Moody’s anticipates more bankruptcy filings and bond defaults by California cities, but expects the total number to be relatively low. Across the-board ratings downgrades are a possibility.
Excerpts from Why Some California Cities Are Choosing Bankruptcy
We expect more bankruptcy filings and bond defaults among California cities reflecting the increased risk to bondholders as investors are asked to contribute to plans for closing budget gaps, however, we expect the number of filings and defaults will be low relative to the 93 Moody’s rated and 389 unrated city credits in California.
Given the deepening financial stress of many California cities, the home rule, “hands off” approach of the state as it relates to the fiscal challenges of the cities, the application of state’s new laws and access to bankruptcy, we are considering the following:
- Potential across the board adjustments of debt ratings for California cities to reflect the new fiscal realities and the governmental practices in addressing them;
- Potential for downgrades for particularly economically and fiscally distressed California localities, including counties, school districts, and special districts; and,
- Potential for additional downgrades for bonds other than GOs and special tax bonds.
Following the actions of legislators with a direct or indirect interest in firms in their constituencies could be a promising investment strategy, according to a new working paper from Harvard Business School.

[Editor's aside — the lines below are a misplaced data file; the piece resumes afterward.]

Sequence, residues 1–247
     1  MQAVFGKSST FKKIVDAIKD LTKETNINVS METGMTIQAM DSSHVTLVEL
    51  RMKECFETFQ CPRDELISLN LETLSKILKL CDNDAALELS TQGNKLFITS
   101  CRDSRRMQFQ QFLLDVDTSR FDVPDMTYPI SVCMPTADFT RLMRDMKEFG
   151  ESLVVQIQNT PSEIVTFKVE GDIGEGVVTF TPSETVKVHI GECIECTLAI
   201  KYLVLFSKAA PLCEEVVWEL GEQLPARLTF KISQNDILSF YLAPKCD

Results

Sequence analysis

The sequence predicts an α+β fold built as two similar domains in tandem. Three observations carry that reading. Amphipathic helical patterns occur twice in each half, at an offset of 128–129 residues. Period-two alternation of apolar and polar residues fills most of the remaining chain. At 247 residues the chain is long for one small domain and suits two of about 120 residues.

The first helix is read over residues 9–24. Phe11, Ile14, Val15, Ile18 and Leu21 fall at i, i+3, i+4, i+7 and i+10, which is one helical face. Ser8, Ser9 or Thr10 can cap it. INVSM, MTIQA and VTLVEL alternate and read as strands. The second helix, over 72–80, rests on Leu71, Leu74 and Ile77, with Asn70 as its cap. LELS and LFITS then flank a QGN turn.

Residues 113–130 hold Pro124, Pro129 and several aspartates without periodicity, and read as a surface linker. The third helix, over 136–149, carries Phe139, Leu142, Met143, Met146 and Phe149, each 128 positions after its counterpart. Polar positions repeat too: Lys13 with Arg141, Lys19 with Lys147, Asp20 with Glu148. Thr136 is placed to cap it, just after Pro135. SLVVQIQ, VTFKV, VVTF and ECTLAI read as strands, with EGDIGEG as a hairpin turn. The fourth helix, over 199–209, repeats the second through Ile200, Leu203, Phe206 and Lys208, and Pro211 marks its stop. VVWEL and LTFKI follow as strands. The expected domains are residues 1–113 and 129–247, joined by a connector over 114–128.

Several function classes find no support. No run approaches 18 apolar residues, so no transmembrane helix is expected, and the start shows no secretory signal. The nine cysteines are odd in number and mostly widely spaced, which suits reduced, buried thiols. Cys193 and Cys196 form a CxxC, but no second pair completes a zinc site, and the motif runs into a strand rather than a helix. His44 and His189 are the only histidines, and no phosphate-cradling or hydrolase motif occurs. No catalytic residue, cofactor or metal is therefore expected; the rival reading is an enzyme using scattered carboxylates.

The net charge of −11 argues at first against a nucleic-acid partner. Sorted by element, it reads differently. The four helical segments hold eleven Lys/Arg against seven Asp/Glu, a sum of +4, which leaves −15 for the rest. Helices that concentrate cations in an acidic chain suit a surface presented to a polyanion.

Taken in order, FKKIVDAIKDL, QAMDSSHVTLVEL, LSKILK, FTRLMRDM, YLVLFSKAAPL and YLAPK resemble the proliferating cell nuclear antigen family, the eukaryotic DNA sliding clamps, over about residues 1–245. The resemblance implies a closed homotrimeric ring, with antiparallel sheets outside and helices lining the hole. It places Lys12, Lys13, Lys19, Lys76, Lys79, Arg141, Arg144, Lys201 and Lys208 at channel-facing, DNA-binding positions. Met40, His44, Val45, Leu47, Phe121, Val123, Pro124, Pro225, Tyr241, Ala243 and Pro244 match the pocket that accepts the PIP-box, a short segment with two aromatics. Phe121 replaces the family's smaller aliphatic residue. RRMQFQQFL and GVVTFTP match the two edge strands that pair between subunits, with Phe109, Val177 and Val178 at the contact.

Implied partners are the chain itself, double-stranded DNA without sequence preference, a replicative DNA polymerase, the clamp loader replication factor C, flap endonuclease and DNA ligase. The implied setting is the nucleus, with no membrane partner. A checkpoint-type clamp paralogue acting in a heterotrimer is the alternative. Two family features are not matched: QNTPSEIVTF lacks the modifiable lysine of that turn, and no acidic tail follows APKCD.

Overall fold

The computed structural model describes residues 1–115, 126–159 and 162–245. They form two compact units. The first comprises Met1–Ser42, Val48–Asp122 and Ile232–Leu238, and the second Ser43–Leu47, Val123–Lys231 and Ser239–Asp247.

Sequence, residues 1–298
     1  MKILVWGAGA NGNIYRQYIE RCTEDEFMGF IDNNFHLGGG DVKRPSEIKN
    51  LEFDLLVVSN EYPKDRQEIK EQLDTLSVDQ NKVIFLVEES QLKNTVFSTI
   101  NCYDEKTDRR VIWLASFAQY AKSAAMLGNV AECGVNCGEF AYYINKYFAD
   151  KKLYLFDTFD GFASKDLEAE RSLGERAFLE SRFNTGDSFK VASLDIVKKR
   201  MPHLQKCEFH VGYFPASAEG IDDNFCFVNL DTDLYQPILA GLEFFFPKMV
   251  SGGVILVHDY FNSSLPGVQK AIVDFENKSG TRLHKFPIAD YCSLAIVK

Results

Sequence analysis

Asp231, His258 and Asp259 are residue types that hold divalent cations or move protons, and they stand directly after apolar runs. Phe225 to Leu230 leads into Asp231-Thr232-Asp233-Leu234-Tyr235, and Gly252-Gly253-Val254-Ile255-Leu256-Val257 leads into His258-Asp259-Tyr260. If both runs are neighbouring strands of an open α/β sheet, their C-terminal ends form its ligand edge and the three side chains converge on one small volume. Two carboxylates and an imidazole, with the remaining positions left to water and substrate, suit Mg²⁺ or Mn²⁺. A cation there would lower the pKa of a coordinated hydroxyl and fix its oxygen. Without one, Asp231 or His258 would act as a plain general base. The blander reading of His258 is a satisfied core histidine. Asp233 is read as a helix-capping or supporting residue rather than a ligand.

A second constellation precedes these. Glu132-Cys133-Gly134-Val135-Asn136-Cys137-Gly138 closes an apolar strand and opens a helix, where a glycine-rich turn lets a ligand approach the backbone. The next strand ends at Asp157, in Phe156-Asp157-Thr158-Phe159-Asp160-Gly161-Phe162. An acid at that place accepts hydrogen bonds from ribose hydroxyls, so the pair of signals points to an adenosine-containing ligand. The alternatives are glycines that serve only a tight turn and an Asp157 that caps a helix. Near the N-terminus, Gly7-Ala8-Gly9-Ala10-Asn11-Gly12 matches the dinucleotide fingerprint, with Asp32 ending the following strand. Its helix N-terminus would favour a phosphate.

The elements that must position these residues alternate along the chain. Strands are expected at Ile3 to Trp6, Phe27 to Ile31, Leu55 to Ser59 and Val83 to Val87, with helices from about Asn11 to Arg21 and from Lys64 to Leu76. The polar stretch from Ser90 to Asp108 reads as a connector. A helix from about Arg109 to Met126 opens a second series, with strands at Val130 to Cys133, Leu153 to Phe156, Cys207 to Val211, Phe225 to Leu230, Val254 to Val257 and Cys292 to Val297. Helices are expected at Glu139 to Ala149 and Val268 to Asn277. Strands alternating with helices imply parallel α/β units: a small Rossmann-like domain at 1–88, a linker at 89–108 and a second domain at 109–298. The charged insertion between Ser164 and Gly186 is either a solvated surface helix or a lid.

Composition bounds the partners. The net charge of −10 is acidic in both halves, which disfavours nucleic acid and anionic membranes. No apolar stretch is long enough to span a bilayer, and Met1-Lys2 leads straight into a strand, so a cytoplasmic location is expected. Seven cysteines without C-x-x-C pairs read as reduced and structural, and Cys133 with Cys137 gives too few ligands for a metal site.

Excerpts from Legislating Stock Prices
By observing the actions of legislators whose constituents are firms affected by legislation, the authors gather insights into the likely impact of government legislation on firms. Specifically, the authors demonstrate that legislation has a simple yet previously undetected impact on firm prices.
A long-short portfolio based on these legislators’ views earns abnormal returns of over 90 basis points per month following the passage of legislation.
- Focusing attention on the legislators who have the largest vested interests in firms affected by a given piece of legislation gives a powerful lens into the impact of that legislation on the firms in question.
- Legislators who have a direct interest in firms often vote quite differently than other, uninterested legislators on legislation that impacts the firms in question.
- The more complex the legislation, the more difficulty the market has in assessing the impact of these bills.
- The effect the authors document has been becoming stronger over time.
The Federal Housing Finance Agency (FHFA) is playing a major role in frustrating government attempts to address the housing crisis, and broader initiatives being explored by cities, municipalities, and states to alleviate household distress and promote recovery, according to Oxford Analytica.
Excerpts from Efforts to reduce mortgage crisis fail
The Federal Housing Finance Agency (FHFA) announced on August 8 that it may take action against any states or municipalities that use eminent domain powers to seize and refinance ‘underwater mortgages’ (ie, where the outstanding mortgage exceeds the property’s current value).